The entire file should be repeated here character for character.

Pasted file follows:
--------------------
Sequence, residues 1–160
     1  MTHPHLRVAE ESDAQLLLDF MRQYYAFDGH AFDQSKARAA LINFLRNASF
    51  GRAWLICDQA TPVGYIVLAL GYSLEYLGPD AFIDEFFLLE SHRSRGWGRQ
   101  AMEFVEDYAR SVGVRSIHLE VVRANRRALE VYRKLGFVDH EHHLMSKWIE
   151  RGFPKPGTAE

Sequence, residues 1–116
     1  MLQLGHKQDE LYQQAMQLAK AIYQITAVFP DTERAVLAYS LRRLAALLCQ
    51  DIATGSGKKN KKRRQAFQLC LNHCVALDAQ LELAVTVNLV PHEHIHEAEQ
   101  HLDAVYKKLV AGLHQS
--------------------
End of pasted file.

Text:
Sequence, residues 1–160
     1  MTHPHLRVAE ESDAQLLLDF MRQYYAFDGH AFDQSKARAA LINFLRNASF
    51  GRAWLICDQA TPVGYIVLAL GYSLEYLGPD AFIDEFFLLE SHRSRGWGRQ
   101  AMEFVEDYAR SVGVRSIHLE VVRANRRALE VYRKLGFVDH EHHLMSKWIE
   151  RGFPKPGTAE

Sequence, residues 1–116
     1  MLQLGHKQDE LYQQAMQLAK AIYQITAVFP DTERAVLAYS LRRLAALLCQ
    51  DIATGSGKKN KKRRQAFQLC LNHCVALDAQ LELAVTVNLV PHEHIHEAEQ
   101  HLDAVYKKLV AGLHQS